If you need Christmas ideas for Random Acts of Christmas Kindness Advent Calendar and lists, check out these free printables!

Or the List Over at Six Sisters Stuff which is actually a list for Christmas, but has items such as: “For one day, try to pick up at least three pieces of trash wherever you are” or “Compliment at least 5 people in one day (this is also a great challenge for kids!).”

Be the light that helps others see hands holding a candle with other small candles in the background

Teaching Kids Kindness What if My Children Aren’t Learning How to Be Kind?

First, take a few deep breaths, and then remind yourself that nothing is changed immediately. One of the best ways to teach your children is for them to see you being kind. Are you modeling kindness? Do your children see you do good things for others? Are you speaking kind words about others? Many times our children are actually modeling what they see us do. Remember, good behavior is caught, not taught.

The next step is to be intentional about speaking kind words over your own children. If you want to raise good people, they need to believe they can be good people. Speaking life is such an important thing that Bible actually talks about it. Proverbs 18:21 says, “Death and life are in the power of the tongue.” Speak blessing.

Other Ideas for Kindness Activities:

Volunteer for an afternoon at a local food bank.

Help out an elderly neighbor – rake leaves, cut grass, pick up sticks in the yard. Or just sit and have tea and cookies.

hands of an elderly women making cookies with young child watching

See if you can help an animal shelter – they usually are looking for volunteers.

Ask a kindergarten teacher if you can buy craft supplies for her classroom. If you have younger kids, they will love shopping for other children.

Consider service projects that the entire family can participate in such as having a lemonade stand and donating the profit or hosting a neighborhood food drive.

In our everyday life, we can find ways to be kind to others. But you also need to point out the activities that unkind people do such as bullying, abandoning dogs on the side of the road, or throwing trash out the car window. Explain to your children that many times people perform unkind acts because that is how they were raised.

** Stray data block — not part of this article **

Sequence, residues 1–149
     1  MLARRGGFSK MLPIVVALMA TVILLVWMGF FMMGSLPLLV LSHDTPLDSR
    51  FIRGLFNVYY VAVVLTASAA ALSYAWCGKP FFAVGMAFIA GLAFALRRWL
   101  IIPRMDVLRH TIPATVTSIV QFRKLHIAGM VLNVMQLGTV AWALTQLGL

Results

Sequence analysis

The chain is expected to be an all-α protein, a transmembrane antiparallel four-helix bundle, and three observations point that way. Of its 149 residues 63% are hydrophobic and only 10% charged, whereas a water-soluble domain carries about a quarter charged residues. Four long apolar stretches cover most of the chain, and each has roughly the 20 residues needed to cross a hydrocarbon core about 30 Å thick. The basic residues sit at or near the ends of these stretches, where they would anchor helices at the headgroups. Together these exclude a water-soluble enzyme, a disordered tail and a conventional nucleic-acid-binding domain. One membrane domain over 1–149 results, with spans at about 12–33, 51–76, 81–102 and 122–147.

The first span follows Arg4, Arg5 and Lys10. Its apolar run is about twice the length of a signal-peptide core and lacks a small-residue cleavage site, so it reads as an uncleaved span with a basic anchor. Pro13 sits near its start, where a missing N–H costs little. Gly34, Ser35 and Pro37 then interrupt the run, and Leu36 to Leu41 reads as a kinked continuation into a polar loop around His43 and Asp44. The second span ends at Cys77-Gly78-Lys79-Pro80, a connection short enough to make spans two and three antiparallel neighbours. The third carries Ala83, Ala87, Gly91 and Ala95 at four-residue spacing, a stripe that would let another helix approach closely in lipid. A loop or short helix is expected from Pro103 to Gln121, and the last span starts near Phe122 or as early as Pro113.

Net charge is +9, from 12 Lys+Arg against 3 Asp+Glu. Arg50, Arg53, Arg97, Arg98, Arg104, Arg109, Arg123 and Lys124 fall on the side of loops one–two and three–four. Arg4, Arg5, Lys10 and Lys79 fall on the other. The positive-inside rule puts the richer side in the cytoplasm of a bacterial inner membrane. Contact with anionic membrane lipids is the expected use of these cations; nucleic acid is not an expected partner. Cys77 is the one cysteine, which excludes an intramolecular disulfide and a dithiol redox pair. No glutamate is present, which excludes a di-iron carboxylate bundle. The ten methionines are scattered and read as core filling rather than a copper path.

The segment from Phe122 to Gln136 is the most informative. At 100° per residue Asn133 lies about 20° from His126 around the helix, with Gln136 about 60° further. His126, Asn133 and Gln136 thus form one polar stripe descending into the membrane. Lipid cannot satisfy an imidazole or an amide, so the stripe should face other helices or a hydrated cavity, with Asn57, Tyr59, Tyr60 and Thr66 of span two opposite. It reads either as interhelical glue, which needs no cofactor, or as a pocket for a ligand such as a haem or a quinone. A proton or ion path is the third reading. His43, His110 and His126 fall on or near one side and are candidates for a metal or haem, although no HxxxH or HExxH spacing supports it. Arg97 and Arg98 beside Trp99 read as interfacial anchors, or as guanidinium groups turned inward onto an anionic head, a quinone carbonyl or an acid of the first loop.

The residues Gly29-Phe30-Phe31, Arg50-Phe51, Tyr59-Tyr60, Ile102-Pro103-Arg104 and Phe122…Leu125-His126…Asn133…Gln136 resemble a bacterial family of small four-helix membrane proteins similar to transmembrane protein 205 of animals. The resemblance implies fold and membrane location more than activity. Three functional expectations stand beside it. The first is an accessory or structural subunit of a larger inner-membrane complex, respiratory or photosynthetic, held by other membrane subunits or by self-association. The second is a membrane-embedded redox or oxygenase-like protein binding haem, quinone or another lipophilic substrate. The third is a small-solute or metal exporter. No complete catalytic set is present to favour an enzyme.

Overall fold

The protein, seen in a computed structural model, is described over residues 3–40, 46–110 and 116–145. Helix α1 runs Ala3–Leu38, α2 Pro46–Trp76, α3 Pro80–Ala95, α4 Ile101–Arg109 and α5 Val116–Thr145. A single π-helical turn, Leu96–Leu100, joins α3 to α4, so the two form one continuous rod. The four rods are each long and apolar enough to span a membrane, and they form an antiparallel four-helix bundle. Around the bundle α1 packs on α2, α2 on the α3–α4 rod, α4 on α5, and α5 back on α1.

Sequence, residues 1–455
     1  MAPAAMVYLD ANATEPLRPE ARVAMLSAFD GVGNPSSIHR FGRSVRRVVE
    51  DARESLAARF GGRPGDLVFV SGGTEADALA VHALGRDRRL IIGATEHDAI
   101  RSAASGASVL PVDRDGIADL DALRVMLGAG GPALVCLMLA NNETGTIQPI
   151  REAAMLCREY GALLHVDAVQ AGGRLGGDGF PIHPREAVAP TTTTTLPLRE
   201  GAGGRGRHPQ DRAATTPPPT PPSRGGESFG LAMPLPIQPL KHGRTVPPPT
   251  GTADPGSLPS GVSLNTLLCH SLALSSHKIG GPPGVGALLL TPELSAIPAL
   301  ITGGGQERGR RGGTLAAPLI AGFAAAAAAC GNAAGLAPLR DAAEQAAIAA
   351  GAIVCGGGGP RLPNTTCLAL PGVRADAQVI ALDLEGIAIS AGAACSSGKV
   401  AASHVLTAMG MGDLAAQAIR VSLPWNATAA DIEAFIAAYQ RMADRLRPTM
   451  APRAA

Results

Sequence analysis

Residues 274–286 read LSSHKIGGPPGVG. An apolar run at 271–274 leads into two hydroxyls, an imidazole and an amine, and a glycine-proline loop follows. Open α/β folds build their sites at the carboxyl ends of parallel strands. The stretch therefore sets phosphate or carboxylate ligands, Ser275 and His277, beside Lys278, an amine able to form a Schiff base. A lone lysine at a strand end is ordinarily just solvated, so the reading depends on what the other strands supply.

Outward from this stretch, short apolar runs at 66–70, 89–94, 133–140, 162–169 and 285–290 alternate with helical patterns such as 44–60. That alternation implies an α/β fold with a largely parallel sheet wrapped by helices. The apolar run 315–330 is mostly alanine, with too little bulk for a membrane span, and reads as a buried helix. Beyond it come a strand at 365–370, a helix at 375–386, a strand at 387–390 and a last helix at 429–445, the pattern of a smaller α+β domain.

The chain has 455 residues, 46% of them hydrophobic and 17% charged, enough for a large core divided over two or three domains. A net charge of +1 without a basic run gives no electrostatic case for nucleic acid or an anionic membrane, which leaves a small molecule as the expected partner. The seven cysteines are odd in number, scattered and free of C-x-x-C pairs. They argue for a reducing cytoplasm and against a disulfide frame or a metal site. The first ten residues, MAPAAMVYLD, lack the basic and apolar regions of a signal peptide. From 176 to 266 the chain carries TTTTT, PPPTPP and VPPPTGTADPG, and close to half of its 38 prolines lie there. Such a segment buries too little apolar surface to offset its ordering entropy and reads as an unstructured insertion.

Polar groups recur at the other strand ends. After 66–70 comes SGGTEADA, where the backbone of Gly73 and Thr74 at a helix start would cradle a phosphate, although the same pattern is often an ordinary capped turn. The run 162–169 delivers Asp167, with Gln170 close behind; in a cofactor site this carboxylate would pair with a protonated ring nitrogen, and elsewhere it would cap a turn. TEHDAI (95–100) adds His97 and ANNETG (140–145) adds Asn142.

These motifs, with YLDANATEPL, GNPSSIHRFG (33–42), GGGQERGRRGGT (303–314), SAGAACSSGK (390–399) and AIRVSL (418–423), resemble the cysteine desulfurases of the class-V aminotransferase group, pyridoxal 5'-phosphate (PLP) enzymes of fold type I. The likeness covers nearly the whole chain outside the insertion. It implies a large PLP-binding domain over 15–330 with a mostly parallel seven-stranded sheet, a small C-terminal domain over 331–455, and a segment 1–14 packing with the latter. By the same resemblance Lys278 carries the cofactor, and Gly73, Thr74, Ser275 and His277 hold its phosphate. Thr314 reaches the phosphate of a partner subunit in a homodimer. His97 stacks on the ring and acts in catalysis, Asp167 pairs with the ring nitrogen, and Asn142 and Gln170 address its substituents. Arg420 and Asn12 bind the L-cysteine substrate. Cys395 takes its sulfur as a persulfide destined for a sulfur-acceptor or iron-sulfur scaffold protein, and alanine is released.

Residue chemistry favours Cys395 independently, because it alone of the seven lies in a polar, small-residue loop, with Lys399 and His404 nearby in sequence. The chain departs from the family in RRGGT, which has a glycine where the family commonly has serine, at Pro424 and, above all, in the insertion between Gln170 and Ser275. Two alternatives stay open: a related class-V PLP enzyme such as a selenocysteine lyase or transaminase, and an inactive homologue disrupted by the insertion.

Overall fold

Graphic that reads Have courage and be kind with hearts around it

I would love you to join me in my quest to spread joy, happiness, and kindness throughout the next 40 days! Over the next month and a half, I will be selecting items from the above lists (and maybe making up some of my own), and daily I will post what we do on Instagram and Facebook with the hashtag #40Days40Acts, and I invite you to do it along with me.

Patty @ A Mother’s Random Thoughts

There are books to help teach kids kindness. (These are affiliate links. This means that I will get a small percentage of the sale of the items to help with the cost of my blog):

Teaching children to be kind pinterest graphic with candles and elderly women making cookies

2 thoughts on “Random Acts of Kindness for Kids – Plus Free Printable”

  1. Marko @ parentsupporthub.com

    Great article! Children will begin to act on their own kindness if it is encouraged early. Initially, they need guidance as being kind is a social skill that must be taught. Asking them to help a sibling with a toy or putting on their sweater then acknowledging and thanking them for their assistance are small ways to encourage kindness. Eventually, you will see them helping without being asked and it is still very important to acknowledge the deed. “Thank you so much for helping Chelsea with her sweater that was very kind of you.” You will see a glow of delight on their face at your positive acknowledgment of their behavior.

    1. Thank you for visiting and commenting. I truly believe that if children are caught in the act of being kind, praise will want them to continue to be kind. Eventually the good feelings of being kind will just be enough without the praise. I think instead of anti-bullying, we should focus on being kind!